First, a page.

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The impotance of being proofread

By Karin Fuller

CHARLESTON, W.Va. -- My husband is an editor, for which I'm so grateful.

He's prevented me from shaving myself publicly many times.

I mean, shaming myself.

And there's another editor or two who looks over my stuff before it appears in the paper, a necessity for those who trip over words the way I sometimes do.

Still, I love a good typo. Love them so much I've been saving some of my favorites for the past several years. I especially love the ones that turn what should've been a perfectly innocent sentence into something lewd.

A secretary in a law office sent an email to hundreds of participants who had registered for a conference to inform them of the different workshops that would be available. Her announcement said they would have "sex sessions." She meant "six."

You would think those seeking employment would put the most effort into proofreading their resumes and applications, making certain they're flawless. That isn't the case. After CNN Money's Ask Amy column ran a story about typos on resumes, they were flooded with examples.

One man "directed $25 million anal shipping and receiving operations."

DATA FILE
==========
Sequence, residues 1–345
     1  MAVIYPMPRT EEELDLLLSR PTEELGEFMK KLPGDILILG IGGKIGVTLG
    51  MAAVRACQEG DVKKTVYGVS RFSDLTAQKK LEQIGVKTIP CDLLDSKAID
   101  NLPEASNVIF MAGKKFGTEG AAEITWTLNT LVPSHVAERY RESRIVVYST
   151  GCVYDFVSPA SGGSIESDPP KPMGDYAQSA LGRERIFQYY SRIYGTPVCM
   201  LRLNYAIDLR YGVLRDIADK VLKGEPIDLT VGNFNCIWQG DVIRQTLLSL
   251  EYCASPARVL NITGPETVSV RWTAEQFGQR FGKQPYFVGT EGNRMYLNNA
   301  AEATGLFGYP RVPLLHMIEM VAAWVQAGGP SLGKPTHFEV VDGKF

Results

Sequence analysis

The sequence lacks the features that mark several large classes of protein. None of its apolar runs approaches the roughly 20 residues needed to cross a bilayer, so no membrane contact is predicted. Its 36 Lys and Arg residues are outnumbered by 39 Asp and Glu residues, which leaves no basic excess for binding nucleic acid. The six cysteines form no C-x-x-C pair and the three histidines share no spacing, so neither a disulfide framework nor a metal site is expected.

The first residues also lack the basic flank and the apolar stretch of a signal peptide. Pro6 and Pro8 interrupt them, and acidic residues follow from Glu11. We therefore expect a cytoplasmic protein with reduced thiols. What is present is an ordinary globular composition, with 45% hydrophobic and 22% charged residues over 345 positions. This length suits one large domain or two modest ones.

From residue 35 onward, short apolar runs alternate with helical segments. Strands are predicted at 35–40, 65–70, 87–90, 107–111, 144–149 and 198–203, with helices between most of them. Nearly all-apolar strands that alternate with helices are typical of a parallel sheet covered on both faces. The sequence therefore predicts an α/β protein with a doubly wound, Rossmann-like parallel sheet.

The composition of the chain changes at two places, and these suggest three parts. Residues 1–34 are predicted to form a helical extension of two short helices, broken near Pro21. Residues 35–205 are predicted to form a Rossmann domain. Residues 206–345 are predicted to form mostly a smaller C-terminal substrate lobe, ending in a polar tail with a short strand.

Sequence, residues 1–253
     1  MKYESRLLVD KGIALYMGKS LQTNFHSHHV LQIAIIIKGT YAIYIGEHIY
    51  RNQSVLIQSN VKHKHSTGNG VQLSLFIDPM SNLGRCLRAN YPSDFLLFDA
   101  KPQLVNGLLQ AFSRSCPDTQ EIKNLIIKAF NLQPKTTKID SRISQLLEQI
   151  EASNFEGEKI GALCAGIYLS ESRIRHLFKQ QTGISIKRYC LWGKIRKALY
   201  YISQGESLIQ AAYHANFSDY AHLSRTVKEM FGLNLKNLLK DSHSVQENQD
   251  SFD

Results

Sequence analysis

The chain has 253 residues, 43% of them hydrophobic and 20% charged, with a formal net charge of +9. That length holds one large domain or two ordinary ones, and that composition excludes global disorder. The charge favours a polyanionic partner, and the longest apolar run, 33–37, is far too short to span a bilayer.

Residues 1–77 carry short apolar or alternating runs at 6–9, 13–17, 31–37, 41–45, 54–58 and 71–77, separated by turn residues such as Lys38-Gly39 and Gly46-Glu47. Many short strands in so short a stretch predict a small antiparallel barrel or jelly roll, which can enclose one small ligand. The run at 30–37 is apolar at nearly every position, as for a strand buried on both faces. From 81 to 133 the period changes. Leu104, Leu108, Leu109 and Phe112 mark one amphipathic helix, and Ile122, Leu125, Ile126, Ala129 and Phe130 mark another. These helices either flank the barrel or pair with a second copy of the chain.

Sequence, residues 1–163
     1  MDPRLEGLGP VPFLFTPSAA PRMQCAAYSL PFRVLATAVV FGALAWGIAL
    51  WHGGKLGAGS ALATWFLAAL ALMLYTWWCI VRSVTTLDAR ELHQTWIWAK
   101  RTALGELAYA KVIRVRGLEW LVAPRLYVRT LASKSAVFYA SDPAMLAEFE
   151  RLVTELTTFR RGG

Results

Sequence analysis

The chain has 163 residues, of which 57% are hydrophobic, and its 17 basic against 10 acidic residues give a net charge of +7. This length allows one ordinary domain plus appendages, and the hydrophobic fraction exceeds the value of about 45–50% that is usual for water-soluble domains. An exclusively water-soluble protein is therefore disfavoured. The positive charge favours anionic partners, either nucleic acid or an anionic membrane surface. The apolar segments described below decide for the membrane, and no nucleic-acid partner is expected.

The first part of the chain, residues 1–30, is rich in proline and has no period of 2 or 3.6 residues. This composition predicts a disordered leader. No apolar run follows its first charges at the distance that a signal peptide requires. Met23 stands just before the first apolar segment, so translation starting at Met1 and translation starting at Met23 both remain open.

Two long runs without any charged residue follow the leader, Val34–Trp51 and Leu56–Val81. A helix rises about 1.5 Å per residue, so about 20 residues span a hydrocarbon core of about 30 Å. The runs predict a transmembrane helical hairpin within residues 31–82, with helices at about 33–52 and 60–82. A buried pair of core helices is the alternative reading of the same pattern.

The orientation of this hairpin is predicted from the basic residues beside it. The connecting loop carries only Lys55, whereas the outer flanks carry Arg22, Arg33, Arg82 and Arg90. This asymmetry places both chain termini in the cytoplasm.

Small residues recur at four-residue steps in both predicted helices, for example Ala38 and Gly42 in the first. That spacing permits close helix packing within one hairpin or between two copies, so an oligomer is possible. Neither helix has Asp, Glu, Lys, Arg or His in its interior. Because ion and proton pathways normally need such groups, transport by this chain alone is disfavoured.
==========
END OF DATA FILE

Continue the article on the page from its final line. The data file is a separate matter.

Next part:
Another claimed to be "great with the pubic."

A resume bragged about being, "Instrumental in ruining the entire operation for a Midwest chain store." While another said they'd "received a plague for Salesperson of the Year."

A secretarial job applicant reported herself as being "a fat and accurate typist." Another applicant hit the space bar at all the wrong times when reporting that her previous employer, a psychotherapist, was "psycho the rapist."

Under job duties: "Filing, billing, printing and coping."

And under education: "I have a bachelorette degree in computers."

One listed that she had "good profreading skills" and could demonstrate her "ability in multi-tasting." Another's current duties included, "Answering phones, filing papers, responding to customer emails, and taking odors."

A medical transcriptionist reported that her company's voice recognition software automatically changed words in ways that were funny. For instance, instead of typing, "For erectile dysfunction, Cialis," it altered the text to read, "For erectile dysfunction, see Alice."

One woman reported that her friend went to a job recruitment fair and handed out about 30 copies of her resume before realizing she had listed her degree as "Bachelor o Farts."

When trying to compliment a co-worker for his excellent report, a woman wrote in her email that it was an "excrement report."

Careful editing is more important for reasons other than just saving face. It can actually save a life. Consider the importance of a simple comma. Instead of, "Let's eat Grandma" it's "Let's eat, Grandma." Or "If anyone's wants to eat my husband could make a great stew."

As my editor husband likes to say, "When it comes to proofreading, the red penis your friend."

Reach Karin Fuller at karinfuller@gmail.com.


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